Infant home endotoxin is associated with reduced allergen-stimulated lymphocyte proliferation and IL-13 production

ArticleinJournal of Allergy and Clinical Immunology 116(2):431-7 · September 2005
Impact Factor: 11.48 · DOI: 10.1016/j.jaci.2005.05.015 · Source: PubMed

    Abstract

    Infant endotoxin exposure has been proposed as a factor that might protect against allergy and the early childhood immune responses that increase the risk of IgE production to allergens.
    Using a prospective study design, we tested the hypothesis that early-life endotoxin exposure is associated with allergen- and mitogen-induced cytokine production and proliferative responses of PBMCs isolated from infants with a parental history of physician-diagnosed asthma or allergy.
    We assessed household dust endotoxin at age 2 to 3 months and PBMC proliferative and cytokine responses to cockroach allergen (Bla g 2), dust mite allergen (Der f 1), cat allergen (Fel d 1), and the nonspecific mitogen PHA at age 2 to 3 years.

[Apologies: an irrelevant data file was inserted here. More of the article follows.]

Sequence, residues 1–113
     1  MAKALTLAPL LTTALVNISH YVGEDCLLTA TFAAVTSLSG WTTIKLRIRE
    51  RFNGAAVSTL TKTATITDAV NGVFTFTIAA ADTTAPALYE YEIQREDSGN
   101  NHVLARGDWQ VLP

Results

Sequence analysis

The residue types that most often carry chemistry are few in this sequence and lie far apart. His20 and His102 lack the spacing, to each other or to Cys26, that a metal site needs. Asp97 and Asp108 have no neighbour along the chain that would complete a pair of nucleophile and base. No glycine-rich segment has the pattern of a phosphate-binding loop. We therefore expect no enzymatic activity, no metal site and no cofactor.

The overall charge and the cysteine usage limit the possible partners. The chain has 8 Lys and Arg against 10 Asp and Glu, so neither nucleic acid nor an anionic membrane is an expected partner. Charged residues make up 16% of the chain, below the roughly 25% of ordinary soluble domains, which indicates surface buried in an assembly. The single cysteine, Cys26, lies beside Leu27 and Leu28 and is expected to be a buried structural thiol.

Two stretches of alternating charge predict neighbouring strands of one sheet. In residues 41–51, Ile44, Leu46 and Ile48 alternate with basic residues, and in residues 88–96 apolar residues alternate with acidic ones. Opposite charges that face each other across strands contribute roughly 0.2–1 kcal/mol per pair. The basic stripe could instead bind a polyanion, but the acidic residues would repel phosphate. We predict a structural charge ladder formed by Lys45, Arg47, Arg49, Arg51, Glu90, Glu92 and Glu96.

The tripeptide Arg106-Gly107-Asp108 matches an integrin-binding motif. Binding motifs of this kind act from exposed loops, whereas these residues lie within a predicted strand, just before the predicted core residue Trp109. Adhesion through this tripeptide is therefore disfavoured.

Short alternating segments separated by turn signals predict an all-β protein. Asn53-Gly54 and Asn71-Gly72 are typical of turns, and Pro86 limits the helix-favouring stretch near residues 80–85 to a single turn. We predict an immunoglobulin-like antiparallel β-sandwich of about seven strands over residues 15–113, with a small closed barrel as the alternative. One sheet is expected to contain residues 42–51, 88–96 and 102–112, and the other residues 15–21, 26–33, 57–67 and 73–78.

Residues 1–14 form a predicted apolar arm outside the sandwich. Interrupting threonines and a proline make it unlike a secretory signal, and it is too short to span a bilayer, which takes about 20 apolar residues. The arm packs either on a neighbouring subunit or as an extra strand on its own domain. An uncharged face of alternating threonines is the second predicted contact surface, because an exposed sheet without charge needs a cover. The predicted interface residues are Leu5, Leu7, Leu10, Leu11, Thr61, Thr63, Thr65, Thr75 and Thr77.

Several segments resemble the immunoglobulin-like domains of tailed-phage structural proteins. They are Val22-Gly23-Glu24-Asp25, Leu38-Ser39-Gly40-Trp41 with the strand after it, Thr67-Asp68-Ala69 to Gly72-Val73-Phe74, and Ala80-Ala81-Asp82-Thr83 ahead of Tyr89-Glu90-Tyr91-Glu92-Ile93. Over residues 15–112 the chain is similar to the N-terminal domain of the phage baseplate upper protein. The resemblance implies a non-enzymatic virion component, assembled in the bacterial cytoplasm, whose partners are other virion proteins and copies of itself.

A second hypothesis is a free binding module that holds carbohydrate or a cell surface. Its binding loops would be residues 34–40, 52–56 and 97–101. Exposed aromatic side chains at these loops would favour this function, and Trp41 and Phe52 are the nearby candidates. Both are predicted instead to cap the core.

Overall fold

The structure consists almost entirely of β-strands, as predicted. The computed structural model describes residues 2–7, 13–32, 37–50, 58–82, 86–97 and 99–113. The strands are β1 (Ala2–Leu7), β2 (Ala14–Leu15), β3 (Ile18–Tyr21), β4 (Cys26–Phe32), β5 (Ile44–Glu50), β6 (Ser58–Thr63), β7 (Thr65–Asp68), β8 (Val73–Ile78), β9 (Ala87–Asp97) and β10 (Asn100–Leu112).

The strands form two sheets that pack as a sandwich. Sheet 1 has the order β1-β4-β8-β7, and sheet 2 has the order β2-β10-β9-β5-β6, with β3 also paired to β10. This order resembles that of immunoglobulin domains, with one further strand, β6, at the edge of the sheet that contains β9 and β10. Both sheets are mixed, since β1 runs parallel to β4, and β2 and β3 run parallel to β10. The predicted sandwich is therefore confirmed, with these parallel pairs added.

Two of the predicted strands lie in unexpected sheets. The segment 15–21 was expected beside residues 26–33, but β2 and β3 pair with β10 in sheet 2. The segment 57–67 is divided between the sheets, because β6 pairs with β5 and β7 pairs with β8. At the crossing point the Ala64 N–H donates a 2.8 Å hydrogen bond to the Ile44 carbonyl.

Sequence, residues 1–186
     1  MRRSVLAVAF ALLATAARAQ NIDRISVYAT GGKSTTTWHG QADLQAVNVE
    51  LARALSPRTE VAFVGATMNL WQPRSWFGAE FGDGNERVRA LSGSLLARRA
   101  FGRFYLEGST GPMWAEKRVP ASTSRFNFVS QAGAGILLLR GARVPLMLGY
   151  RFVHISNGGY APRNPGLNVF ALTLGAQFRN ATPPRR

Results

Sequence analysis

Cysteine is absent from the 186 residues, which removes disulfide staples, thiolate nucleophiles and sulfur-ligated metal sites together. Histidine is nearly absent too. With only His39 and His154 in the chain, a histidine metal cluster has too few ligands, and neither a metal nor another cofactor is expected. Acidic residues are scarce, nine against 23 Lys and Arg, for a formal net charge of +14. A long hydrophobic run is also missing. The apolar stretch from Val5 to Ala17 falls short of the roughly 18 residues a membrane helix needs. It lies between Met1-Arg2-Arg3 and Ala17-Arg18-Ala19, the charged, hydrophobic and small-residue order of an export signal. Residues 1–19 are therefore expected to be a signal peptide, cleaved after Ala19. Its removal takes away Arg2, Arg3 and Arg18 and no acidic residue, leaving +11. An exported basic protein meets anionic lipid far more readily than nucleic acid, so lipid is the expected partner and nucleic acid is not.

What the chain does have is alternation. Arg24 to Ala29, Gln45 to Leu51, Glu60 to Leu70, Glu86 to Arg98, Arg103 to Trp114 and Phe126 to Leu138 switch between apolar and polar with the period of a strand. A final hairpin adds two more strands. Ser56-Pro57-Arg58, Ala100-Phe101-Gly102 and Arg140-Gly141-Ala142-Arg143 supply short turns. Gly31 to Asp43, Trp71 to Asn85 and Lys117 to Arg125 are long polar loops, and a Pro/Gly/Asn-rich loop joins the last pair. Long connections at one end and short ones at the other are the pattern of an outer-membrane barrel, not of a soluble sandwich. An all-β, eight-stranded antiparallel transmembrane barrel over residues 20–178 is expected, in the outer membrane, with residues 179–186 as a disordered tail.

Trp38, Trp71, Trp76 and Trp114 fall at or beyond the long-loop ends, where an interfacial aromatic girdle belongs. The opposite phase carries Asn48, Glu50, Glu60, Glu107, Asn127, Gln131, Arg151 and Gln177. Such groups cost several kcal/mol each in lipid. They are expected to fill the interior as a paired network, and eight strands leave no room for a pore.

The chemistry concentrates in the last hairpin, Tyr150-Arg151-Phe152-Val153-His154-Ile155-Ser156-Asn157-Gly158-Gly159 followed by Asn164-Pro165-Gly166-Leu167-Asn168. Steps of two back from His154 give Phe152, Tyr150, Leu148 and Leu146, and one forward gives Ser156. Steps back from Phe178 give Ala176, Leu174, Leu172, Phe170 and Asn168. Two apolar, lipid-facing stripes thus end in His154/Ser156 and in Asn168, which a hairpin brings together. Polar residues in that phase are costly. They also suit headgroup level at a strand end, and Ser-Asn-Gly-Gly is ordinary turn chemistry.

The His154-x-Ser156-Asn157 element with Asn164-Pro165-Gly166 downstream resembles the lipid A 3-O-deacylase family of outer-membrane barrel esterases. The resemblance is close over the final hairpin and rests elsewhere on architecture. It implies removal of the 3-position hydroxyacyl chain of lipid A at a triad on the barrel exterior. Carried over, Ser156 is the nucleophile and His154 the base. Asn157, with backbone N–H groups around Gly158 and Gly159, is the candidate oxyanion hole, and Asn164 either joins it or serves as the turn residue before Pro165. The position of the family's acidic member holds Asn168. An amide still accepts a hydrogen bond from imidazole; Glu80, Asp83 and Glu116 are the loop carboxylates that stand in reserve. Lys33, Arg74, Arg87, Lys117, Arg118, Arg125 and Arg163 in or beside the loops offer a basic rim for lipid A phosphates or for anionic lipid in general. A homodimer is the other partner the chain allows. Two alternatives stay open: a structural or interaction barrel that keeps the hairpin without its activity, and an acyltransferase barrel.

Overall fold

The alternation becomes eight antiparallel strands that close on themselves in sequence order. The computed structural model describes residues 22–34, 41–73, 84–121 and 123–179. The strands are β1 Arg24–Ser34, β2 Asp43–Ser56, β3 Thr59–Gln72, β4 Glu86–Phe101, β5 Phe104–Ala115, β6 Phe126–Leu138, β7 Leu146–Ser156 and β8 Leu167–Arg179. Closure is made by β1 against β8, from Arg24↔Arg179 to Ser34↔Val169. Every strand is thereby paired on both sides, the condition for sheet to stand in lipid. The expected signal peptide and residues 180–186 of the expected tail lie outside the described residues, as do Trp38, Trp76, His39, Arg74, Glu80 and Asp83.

We found that increased endotoxin levels were associated with decreased IL-13 levels in response to cockroach, dust mite, and cat allergens, but not mitogen stimulation. Endotoxin levels were not correlated with allergen- or mitogen-induced IFN-gamma, TNF-alpha, or IL-10. Increased endotoxin levels were associated with decreased lymphocyte proliferation after cockroach allergen stimulation. An inverse, although nonsignificant, association was also found between endotoxin and proliferation to the other tested stimuli.
    Increased early-life exposure to household endotoxin was associated with reduced allergen-induced production of the TH2 cytokine IL-13 and reduced lymphoproliferative responses at age 2 to 3 years in children at risk for allergy and asthma. Early-life endotoxin-related reduction of IL-13 production might represent one pathway through which increased endotoxin decreases the risk of allergic disease and allergy in later childhood.